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Linguistics and AI Speak to Aneesh Patnaik '21

It always leads back to Legos. The plastic building blocks have launched many careers in architecture, engineering, and computer science, but for Aneesh Patnaik, they were a constant in his childhood. “I loved Legos as a kid,” he says.

Legos paved the way to his interest in robotics, something Aneesh got involved with in elementary school and continued when he enrolled at Hun in eighth grade. Joining the robotics team was one of the first things he did when moving to the Upper School. At the time, he was one of three students who had experience. “We were a rookie team, but at our first competition in our freshman year, we did really well.” Robotics became an integral part of his Hun experience. “It’s one of my favorite communities and the members became some of my closest friends,” he says. 

Another community where he found his voice was as a member of Voice Male, the all-male a cappella group. Aneesh joined as a sophomore with no prior training. “I just enjoyed singing and thought, ‘why not try out?’ and I got to develop my voice technically and build my confidence.”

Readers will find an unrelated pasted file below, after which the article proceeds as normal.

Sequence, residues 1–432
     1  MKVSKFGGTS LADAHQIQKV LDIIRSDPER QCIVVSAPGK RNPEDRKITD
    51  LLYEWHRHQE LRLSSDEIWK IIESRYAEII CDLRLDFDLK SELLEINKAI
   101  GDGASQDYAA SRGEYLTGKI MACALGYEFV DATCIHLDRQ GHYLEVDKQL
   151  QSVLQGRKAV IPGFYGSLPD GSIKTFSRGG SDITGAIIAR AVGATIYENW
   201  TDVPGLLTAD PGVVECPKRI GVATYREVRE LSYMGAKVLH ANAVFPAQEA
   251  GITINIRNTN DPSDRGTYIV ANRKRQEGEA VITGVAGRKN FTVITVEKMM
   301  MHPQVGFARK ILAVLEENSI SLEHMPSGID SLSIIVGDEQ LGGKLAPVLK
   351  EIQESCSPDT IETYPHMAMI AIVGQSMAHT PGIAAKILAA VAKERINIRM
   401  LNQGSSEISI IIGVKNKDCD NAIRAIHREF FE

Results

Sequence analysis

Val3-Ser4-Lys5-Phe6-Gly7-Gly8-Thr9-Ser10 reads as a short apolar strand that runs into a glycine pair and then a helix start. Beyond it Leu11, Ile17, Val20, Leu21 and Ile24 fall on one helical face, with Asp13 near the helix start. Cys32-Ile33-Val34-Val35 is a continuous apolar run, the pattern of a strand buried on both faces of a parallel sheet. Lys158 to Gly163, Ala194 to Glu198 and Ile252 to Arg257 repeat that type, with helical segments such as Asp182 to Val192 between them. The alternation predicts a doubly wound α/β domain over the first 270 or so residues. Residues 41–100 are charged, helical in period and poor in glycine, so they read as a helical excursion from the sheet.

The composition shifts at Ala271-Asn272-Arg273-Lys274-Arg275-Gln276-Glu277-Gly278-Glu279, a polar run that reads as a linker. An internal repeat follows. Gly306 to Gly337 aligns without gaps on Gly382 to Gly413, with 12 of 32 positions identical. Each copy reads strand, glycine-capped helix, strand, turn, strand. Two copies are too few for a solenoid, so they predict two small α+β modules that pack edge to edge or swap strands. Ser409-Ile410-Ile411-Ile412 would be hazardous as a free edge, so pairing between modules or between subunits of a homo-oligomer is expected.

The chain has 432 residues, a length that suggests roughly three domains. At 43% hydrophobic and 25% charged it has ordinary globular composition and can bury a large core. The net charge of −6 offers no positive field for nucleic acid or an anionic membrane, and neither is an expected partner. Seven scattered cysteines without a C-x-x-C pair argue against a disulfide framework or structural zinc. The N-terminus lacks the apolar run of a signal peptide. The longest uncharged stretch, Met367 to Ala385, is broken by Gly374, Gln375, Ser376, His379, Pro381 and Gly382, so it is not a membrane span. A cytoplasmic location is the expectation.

Aneesh also hit the courts, playing on the varsity tennis team. His real love, however, is the classroom, with computer science, physics, and BC calculus ranking among his top classes. He particularly enjoys hands-on learning and is currently building a piano in his digital logic circuits course. 

Code isn’t the only language he enjoys; Aneesh furthered his interest in Soviet-era Russia by spending quarantine learning Russian. It is an interest spurred by reading Animal Farm and 1984 in eighth grade. “I’m not particularly fond of reading but I found those books just captivating,” he says. He also took a course on Stalinism last summer and pored through photos of Siberia in the digital collection of the British Library. 

Next year, Aneesh plans to marry his passion for computer science and linguistics at Dartmouth College. His future plans include researching the development of computational linguistics, or how computers understand speech and language.